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The international journal of neuropsychopharmacology

Effects of aberrant gamma frequency oscillations on prepulse inhibition.


PMID 24832766

Abstract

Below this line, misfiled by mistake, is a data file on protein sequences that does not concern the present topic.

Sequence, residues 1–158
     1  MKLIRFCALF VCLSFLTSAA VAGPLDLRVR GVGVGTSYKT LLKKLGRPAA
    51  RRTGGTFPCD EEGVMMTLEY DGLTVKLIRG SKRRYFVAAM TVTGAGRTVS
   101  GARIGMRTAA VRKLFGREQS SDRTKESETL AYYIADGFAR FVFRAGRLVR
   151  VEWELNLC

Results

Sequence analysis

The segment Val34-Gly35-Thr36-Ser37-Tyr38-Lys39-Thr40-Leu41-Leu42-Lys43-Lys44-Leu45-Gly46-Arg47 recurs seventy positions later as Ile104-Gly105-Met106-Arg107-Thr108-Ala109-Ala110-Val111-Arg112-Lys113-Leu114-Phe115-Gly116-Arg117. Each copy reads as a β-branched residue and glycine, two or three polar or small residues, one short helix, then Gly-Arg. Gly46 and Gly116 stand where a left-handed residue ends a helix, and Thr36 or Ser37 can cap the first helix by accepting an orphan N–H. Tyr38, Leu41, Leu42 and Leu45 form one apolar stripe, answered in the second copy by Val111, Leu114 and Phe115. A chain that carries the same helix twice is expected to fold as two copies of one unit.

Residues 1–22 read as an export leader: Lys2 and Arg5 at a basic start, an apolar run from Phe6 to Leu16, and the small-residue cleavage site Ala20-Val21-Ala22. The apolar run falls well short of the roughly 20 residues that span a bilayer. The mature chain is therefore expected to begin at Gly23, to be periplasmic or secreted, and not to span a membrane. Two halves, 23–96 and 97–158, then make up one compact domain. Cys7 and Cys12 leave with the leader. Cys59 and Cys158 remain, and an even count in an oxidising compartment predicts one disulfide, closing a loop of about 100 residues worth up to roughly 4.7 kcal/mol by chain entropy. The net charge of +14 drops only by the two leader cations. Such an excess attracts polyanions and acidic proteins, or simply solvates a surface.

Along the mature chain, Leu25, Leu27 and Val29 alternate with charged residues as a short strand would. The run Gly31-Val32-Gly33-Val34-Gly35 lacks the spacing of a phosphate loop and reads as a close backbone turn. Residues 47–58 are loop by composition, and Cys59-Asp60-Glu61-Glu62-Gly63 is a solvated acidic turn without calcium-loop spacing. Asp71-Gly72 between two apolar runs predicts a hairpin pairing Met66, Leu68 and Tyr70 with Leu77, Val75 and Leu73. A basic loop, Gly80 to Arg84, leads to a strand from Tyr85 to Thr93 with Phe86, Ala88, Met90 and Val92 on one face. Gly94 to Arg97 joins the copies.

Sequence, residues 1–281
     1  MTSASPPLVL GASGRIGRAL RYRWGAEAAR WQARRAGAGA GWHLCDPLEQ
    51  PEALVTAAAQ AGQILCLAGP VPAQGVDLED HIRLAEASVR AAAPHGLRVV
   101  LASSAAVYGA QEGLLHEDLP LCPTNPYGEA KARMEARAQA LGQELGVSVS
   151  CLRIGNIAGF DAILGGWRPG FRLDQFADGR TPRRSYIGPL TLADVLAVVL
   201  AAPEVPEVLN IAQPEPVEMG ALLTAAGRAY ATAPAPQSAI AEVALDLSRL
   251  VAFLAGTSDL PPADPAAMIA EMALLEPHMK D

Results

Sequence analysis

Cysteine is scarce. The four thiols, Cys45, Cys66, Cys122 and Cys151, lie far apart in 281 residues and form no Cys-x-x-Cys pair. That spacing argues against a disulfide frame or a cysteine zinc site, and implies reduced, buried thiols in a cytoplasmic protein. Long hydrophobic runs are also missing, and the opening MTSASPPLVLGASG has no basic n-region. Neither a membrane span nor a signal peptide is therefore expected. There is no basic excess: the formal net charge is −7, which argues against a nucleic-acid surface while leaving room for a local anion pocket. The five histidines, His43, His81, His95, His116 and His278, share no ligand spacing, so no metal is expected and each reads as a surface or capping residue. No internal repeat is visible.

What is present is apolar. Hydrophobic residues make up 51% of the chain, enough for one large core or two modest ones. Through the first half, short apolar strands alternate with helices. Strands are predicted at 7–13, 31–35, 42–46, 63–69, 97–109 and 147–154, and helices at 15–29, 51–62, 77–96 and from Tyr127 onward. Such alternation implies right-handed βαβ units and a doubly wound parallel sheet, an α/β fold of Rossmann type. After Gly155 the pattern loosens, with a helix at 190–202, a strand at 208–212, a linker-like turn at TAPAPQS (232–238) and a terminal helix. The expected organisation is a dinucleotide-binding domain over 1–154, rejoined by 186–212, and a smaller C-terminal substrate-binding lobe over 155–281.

Emerging literature implicates abnormalities in gamma frequency oscillations in the pathophysiology of schizophrenia, with hypofunction of N-methyl-D-aspartate (NMDA) receptors implicated as a key factor. Prepulse inhibition (PPI) is a behavioural measure of sensorimotor gating, which is disrupted in schizophrenia. We studied relationships between ongoing and sensory-evoked gamma oscillations and PPI using pharmacological interventions designed to increase gamma oscillations (ketamine, MK-801); reduce gamma oscillations (LY379268); or disrupt PPI (amphetamine). We predicted that elevating ongoing gamma power would lead to increased 'neural noise' in cortical circuits, dampened sensory-evoked gamma responses and disrupted behaviour. Wistar rats were implanted with EEG recording electrodes. They received ketamine (5xa0mg/kg), MK-801 (0.16xa0mg/kg), amphetamine (0.5xa0mg/kg), LY379268 (3xa0mg/kg) or vehicle and underwent PPI sessions with concurrent EEG recording. Ketamine and MK-801 increased the power of ongoing gamma oscillations and caused time-matched disruptions of PPI, while amphetamine marginally affected ongoing gamma power. In contrast, LY379268 reduced ongoing gamma power, but had no effect on PPI. The sensory gamma response evoked by the prepulse was reduced following treatment with all psychotomimetics, associating with disruptions in PPI. This was most noticeable following treatment with NMDA receptor antagonists. We found that ketamine and MK-801 increase ongoing gamma power and reduce evoked gamma power, both of which are related to disruptions in sensorimotor gating. This appears to be due to antagonism of NMDA receptors, since amphetamine and LY379268 differentially impacted these outcomes and possess different neuropharmacological substrates. Aberrant gamma frequency oscillations caused by NMDA receptor hypofunction may mediate the sensory processing deficits observed in schizophrenia.